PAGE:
In our current show is a joint exhibition by Roy Mordechay and Gil Shachar exploring, each in their unique way the mutual passion for matters such as time, paper (or the imitation of it), shadows, the expression of the human face and the tradition from which it evolves.
Solmi reinvents the visual world of animation by creating and sequencing images using behind-the scenes technology that he borrowed and adapted from film and gaming. For “Chinese Democracy and the Last Day on Earth,” Solmi has created hundreds of drawings and paintings as skins for a 3D game environment. The process involves real time performance recorded inside that environment through motion capture technology. Solmi himself enacts all the main characters in his films and provides the voiceovers, becoming, in effect, a one-man film studio. Continue reading
In their joint exhibition Roy Mordechay and Gil Shachar present works from recent years. Although rather orthodox in their formal approach, both artists share an interest in exploring the borderline between two and three dimensional work and in leading their images towards the fantastic and the paradox. The show reveals in a subtle interplay the mutual passion of both artists for matters such as time, paper (or the imitation of it), shadows, the expression of the human face, and for the tradition from which their artistic practice derives.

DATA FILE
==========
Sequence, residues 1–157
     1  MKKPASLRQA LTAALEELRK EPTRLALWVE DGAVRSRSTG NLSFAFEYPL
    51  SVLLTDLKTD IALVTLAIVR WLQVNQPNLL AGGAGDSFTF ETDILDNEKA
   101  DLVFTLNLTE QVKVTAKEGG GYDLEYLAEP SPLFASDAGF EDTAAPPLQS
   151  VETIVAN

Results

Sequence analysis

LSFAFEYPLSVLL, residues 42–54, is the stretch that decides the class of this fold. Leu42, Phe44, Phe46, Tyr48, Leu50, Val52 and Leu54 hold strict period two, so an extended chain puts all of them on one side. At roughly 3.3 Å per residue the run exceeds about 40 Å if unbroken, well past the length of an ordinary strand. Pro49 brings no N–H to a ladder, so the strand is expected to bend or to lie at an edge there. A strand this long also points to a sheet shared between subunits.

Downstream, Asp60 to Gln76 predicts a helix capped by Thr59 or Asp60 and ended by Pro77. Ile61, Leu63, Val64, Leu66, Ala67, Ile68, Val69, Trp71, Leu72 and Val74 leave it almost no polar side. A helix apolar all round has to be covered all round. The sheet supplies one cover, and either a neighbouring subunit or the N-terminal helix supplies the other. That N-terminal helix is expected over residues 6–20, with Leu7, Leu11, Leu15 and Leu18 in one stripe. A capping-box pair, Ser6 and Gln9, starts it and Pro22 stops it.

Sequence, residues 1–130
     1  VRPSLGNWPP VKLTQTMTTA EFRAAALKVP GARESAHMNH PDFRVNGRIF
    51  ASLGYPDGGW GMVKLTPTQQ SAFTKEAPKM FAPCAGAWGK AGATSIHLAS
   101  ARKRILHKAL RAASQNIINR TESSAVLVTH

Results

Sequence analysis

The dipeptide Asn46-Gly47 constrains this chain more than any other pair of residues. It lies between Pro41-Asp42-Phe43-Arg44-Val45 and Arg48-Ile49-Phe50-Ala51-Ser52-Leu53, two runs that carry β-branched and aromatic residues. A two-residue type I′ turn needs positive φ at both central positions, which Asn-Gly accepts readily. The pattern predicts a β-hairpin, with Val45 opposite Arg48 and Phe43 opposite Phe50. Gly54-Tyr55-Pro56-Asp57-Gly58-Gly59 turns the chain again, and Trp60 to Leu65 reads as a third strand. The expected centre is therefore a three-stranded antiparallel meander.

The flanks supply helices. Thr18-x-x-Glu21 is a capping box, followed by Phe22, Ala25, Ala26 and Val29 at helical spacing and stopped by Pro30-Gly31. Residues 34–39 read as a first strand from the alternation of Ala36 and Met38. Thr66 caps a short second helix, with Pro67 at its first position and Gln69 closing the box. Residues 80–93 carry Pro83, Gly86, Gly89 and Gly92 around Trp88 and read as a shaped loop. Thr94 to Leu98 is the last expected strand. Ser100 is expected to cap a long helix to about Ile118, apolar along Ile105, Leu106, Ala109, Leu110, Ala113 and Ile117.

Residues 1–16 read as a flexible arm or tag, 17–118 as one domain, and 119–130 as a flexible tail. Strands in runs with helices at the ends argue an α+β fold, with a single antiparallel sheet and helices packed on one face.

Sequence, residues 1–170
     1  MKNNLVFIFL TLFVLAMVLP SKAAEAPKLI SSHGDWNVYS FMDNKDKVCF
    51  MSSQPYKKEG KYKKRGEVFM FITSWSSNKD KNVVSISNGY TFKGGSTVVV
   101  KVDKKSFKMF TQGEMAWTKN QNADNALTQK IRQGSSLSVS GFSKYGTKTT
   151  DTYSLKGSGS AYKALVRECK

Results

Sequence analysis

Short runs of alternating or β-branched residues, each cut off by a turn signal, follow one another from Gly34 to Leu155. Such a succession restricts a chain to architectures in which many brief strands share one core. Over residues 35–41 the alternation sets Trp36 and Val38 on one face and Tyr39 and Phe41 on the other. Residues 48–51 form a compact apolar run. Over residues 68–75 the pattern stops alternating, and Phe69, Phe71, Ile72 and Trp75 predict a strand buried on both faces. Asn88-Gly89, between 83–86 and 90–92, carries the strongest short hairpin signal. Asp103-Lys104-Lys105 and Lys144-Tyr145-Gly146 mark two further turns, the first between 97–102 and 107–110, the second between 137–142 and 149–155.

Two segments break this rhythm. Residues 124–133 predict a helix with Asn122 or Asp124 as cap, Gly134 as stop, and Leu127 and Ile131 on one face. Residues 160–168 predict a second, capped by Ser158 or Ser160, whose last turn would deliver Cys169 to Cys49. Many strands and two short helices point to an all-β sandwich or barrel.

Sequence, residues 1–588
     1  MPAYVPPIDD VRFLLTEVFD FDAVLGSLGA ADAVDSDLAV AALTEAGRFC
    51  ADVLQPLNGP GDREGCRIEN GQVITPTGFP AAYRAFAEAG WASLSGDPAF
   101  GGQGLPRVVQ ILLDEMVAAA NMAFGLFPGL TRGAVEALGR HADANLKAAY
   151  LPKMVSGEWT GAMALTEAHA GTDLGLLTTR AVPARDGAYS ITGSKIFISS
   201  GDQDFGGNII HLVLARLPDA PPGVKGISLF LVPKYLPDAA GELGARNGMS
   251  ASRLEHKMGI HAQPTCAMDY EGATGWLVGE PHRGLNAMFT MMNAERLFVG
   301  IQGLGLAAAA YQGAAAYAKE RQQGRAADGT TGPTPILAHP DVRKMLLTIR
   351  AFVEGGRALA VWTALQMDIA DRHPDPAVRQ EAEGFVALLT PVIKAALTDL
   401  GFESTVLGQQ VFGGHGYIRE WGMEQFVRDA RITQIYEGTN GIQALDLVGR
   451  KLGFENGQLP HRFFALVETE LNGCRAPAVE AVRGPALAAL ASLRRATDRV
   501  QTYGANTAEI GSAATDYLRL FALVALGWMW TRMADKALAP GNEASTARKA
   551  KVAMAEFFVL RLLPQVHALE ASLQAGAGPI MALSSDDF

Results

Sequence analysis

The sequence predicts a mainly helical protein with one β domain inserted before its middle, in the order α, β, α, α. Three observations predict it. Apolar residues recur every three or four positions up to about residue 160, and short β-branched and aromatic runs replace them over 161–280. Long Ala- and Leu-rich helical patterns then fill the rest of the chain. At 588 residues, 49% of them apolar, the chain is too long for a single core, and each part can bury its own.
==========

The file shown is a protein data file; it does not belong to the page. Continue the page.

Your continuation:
Among the pieces exhibited in our current exhibition are Zoya Charkassky’s paintings. Zoya is an Israeli painter born in Kiev. A few years ago she was quoted regarding her unique outspoken way to deal with the Israeli identity & Judaism: “it was never my intention to shock Holocaust survivors. They have had enough shock and horror in their lives. For me it is about coming to terms with such things. If that’s the way a Jew is drawn – then perhaps that’s what he really looks like, perhaps there’s something to it.” Continue reading